A portion of the JIRP crew at the 2016 AGU Fall Meeting gathers for dinner after a day of science in San Francisco.

Back row: Annie Zaccarin, Annie Holt, Olivia Truax, Evan Koncewicz, Kate Bollen, Molly Peek, Deirdre Collins, Matt Beedle, ????, Brad Markle, Tai Rovzar. Front row: DJ Jarrin, Cezy Semnacher, Chris McNeil

Taku Glacier: Anomaly of the Juneau Icefield

Kate Bollen

On a map of the Juneau Icefield, Taku Glacier is a distinguished ribbon that winds out of the southeast corner of the icefield as an outlet glacier. It’s remarkably large, even by Alaskan standards. It encompasses 671 square kilometers (Pelto et al, 2013) and measures about 5 kilometers across where it passes in front of Camp 10. It’s fed by four tributary glaciers that line its upper margins, and its outline is similar to the shape of Thailand. Taku Glacier is quite special, not only because it sets a stunning scene for JIRPers to admire from the porch of the Camp 10 cook shack, but also because it’s one of only a hand-full of glaciers in Alaska (and around the world, for that matter), that has been advancing (Pelto et al, 2013).

Shawnee Reynoso and Louise Borthwick sleeping out on the porch of the Camp 10 cook shack overlooking Taku Glacier. Photo: Kate Bollen

Shawnee Reynoso and Louise Borthwick sleeping out on the porch of the Camp 10 cook shack overlooking Taku Glacier. Photo: Kate Bollen

Until recently, Taku Glacier has been growing in mass. Indeed, the Taku looks unlike its neighbors as it descends toward the floodplain of the Taku River. The ice juts out over the small trees that live in its path, as the adjacent Norris Glacier looks as if it’s withering away, cracked and shrunken. Since most Alaskan glaciers are surrounded by forests that are actively creeping out onto the new ground exposed by glacial retreat, the sight of the Taku mowing over trees and shrubs as it slides down its broad valley is quite victorious to the glacier enthusiast.

Positions of the end of Taku Glacier from 1948 to 2014. Adapted from a figure by Chris McNeil.

Positions of the end of Taku Glacier from 1948 to 2014. Adapted from a figure by Chris McNeil.

Boundaries of Taku Glacier on the Juneau Icefield. Adapted from a figure by Chris McNeil.

Boundaries of Taku Glacier on the Juneau Icefield. Adapted from a figure by Chris McNeil.

Students Molly Peek and Shawnee Reynoso and faculty member Chris McNeil ski through thinly exposed crevasses on Taku Glacier below Camp 10 on a sunny day. Photo: Kate Bollen

Students Molly Peek and Shawnee Reynoso and faculty member Chris McNeil ski through thinly exposed crevasses on Taku Glacier below Camp 10 on a sunny day. Photo: Kate Bollen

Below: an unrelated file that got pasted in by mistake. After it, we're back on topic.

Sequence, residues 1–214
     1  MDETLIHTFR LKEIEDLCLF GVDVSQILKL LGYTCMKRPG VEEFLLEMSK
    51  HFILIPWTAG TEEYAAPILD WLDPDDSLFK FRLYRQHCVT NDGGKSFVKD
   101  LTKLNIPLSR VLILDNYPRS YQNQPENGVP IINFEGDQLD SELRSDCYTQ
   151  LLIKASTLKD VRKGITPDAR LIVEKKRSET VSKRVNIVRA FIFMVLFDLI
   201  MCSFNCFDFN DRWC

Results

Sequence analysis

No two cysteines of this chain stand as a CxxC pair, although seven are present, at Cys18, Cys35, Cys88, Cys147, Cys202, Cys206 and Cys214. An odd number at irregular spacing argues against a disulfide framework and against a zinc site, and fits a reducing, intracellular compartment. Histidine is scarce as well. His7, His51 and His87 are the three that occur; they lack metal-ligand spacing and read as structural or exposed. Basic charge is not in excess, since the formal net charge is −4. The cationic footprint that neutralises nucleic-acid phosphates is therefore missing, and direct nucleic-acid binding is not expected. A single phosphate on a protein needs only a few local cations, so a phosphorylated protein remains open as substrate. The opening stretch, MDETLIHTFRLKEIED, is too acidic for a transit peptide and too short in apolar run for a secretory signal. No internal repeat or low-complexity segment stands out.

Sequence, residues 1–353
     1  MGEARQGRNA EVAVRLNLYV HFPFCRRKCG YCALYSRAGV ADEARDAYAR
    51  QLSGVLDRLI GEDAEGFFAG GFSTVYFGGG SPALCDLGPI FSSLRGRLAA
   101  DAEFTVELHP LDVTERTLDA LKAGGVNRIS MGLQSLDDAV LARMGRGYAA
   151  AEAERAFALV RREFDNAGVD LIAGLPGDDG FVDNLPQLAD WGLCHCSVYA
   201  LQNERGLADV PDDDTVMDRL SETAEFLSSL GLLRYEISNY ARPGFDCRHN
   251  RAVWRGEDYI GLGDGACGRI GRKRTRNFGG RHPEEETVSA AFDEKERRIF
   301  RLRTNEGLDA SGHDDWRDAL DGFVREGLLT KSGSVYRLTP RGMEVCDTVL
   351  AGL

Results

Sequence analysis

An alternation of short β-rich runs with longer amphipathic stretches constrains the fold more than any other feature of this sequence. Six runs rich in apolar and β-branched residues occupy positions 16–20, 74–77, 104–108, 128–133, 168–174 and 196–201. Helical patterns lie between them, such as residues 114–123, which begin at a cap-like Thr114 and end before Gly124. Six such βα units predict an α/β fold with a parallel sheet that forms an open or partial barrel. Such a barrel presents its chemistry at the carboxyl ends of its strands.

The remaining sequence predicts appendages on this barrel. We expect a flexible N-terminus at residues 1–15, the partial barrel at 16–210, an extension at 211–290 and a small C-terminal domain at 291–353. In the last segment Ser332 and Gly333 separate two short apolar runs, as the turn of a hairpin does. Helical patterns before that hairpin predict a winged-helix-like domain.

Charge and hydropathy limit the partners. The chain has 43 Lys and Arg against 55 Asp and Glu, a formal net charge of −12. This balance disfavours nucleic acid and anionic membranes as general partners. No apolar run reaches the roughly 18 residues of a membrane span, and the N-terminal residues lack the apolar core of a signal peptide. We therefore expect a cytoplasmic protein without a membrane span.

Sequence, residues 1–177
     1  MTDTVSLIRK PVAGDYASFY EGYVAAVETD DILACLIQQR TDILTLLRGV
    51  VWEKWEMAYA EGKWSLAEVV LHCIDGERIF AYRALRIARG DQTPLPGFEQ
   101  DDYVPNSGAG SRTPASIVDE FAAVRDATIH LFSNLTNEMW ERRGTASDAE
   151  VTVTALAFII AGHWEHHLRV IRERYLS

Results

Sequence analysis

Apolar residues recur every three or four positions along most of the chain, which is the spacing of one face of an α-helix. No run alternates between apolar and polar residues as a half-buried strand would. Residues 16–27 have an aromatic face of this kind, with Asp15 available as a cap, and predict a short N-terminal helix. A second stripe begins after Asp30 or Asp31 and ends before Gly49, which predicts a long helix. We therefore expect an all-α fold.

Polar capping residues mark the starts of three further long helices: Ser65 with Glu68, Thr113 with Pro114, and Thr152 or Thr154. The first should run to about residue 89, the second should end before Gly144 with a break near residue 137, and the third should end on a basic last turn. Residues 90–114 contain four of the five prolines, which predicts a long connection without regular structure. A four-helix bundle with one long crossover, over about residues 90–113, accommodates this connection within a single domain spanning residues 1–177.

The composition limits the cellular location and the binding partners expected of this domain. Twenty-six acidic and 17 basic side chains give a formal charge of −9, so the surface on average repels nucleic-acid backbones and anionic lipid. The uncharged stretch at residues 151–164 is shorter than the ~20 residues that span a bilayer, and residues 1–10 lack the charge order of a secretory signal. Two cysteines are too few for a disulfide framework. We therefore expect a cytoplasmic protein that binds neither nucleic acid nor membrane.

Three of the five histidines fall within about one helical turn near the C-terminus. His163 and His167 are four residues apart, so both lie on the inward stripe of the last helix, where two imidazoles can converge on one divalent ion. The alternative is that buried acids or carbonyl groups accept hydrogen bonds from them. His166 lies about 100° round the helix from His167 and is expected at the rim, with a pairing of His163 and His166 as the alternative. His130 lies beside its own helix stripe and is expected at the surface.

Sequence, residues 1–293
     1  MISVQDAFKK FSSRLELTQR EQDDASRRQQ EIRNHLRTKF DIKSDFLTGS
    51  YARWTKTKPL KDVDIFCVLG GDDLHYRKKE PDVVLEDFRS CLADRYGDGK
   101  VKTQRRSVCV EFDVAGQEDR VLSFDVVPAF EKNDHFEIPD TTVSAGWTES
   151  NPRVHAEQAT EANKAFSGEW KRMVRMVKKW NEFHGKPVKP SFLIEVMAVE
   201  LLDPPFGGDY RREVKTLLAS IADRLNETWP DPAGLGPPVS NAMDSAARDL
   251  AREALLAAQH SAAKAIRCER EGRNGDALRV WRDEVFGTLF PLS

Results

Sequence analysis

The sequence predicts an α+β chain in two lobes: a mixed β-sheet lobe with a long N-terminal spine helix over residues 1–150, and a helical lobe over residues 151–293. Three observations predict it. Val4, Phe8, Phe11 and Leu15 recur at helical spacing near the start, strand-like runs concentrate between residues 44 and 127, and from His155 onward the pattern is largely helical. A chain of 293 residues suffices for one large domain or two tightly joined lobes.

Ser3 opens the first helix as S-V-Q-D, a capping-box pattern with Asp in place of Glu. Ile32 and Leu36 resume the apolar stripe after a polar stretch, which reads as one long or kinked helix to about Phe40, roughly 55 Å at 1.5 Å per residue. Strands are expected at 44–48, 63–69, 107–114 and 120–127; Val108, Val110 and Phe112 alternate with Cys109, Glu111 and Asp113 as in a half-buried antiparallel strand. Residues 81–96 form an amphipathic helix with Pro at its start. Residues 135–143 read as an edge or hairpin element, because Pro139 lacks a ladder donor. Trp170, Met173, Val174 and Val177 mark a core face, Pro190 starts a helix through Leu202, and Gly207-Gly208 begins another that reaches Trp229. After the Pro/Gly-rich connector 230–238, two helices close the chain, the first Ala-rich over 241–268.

There are two main causes behind the anomalous case of the Taku. First, the glacier has a unique hypsometry, which refers to the distribution of the glacier’s surface area with respect to elevation. Most of the Taku lies above 1200 meters above sea level, so it has a huge accumulation zone (the area where annual snowfall doesn’t completely melt by the end of the melt season) compared to the total surface area of the glacier. As a result, the majority of Taku Glacier can gain mass from falling snow each year. Second, Taku Glacier is a tidewater glacier. This may strike an observer as peculiar since the Taku currently flows into a river rather than the ocean, but this classification stands based on the Taku’s behavior and bed topography.

Olivia Truax collects snow depth data on the Northwest branch of Taku Glacier. Photo: Kate Bollen

Olivia Truax collects snow depth data on the Northwest branch of Taku Glacier. Photo: Kate Bollen

To understand the dynamics of Taku Glacier, we have to know the story of the tidewater glacier cycle. Here is a summary derived from a lecture delivered to JIRP students by Martin Truffer earlier this summer at Camp 17. As the end of a tidewater glacier, known as the terminus, rests in a fjord, the elevation of the glacier’s bed is below sea level. As a result, the melt water beneath the terminus of the glacier becomes pressurized so that it can still flow into the ocean despite the weight of the seawater column. The terminus is quickly eroded as big chunks of ice peel away during calving events and as warm sea water circulates against the terminus. Consequently, the glacier is driven into a rapid retreat, and it recoils up its valley until it reaches a resting point above sea level. There, the glacier is able to stabilize and to eventually begin an advance by pushing its dirty, icy terminus forward on a terminal moraine (a pile of sediment collected by the glacier at its terminus as it grinds forward). By advancing a homemade mound of sediment ahead of itself, the glacier can rest above the deep water of the fjord and the subglacial hydraulics are less pressurized, so the glacier is protected from the intense melting and erosion that previously drove it back. As it continues to bulge onward, the glacier eventually reaches a state where its surface balance nears zero, which means that its accumulation and ablation (melting) are equal. At this point, the glacier can reenter a rapid retreat as the tidewater glacier cycle continues.

A steamship floats in front of the Taku terminus during an earlier advancement of the glacier.

A steamship floats in front of the Taku terminus during an earlier advancement of the glacier.

As for the Taku, its bed doesn’t rise above sea level until an estimated 20 kilometers up-valley of its terminus (oral comm. Beem 2016). Additionally, the Taku has been in the advancement stage of the tidewater glacier cycle since 1850, but its advance has halted in the last two years (oral comm. Truffer, 2016). It’s too early to determine if the Taku has reached the end of its advance or to say that a rapid retreat is imminent. However, the reactions of the Taku and other glaciers to climate will have wide-spread impacts and can tell us quite a bit about the changing climate. Mountain glaciers account for less than 1% of global glacial ice volume, but their rapid rate of mass loss is responsible for one-third of the current observed sea level rise (Larsen et al., 2015). Additionally, glaciers play a big role in downstream ecosystems as they deliver nutrients and sediment as well as well as manipulate water flow, turbidity, and temperature (O’Neel et al., 2015). Consequently, these glaciers can almost directly impact where and how people near and far are living. The Taku and other glaciers captivate us as scientists and inspire us as humans to understand the complex systems in which we live.